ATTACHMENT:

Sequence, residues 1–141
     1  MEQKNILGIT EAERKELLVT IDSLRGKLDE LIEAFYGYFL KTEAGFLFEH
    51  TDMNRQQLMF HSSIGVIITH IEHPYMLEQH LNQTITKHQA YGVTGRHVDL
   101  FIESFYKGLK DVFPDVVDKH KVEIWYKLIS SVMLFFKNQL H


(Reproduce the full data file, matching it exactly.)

Sequence, residues 1–141
     1  MEQKNILGIT EAERKELLVT IDSLRGKLDE LIEAFYGYFL KTEAGFLFEH
    51  TDMNRQQLMF HSSIGVIITH IEHPYMLEQH LNQTITKHQA YGVTGRHVDL
   101  FIESFYKGLK DVFPDVVDKH KVEIWYKLIS SVMLFFKNQL H